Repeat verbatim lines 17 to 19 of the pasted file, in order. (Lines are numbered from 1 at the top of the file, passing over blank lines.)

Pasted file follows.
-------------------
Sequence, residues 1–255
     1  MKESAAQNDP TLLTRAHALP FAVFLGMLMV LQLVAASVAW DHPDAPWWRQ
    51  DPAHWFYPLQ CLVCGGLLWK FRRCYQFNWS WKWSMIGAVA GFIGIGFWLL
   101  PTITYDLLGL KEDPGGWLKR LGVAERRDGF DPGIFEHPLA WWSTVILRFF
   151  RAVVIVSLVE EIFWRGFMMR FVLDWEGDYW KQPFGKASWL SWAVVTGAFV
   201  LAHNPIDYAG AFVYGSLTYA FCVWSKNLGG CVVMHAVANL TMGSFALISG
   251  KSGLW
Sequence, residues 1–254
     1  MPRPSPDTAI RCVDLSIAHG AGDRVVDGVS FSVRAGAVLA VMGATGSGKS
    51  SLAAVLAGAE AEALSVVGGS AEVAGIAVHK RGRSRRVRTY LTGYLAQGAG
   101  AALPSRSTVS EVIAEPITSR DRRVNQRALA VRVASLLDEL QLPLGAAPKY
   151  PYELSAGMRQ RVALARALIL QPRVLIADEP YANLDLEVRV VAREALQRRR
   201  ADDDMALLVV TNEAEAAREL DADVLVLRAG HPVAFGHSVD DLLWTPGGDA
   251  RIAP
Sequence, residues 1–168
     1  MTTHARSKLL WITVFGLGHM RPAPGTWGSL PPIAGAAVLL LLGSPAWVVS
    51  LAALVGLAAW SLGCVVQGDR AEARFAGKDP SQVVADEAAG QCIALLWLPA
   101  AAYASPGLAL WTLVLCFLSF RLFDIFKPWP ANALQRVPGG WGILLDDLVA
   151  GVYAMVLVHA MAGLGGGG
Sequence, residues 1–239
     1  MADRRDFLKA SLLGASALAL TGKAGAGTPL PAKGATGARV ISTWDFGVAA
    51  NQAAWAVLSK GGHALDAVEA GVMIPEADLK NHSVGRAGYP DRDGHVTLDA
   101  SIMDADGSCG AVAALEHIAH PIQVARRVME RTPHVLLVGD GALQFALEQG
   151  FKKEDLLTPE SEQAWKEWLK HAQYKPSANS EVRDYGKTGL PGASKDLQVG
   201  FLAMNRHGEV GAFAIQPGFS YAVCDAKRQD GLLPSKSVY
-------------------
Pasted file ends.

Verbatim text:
    51  LAALVGLAAW SLGCVVQGDR AEARFAGKDP SQVVADEAAG QCIALLWLPA
   101  AAYASPGLAL WTLVLCFLSF RLFDIFKPWP ANALQRVPGG WGILLDDLVA
   151  GVYAMVLVHA MAGLGGGG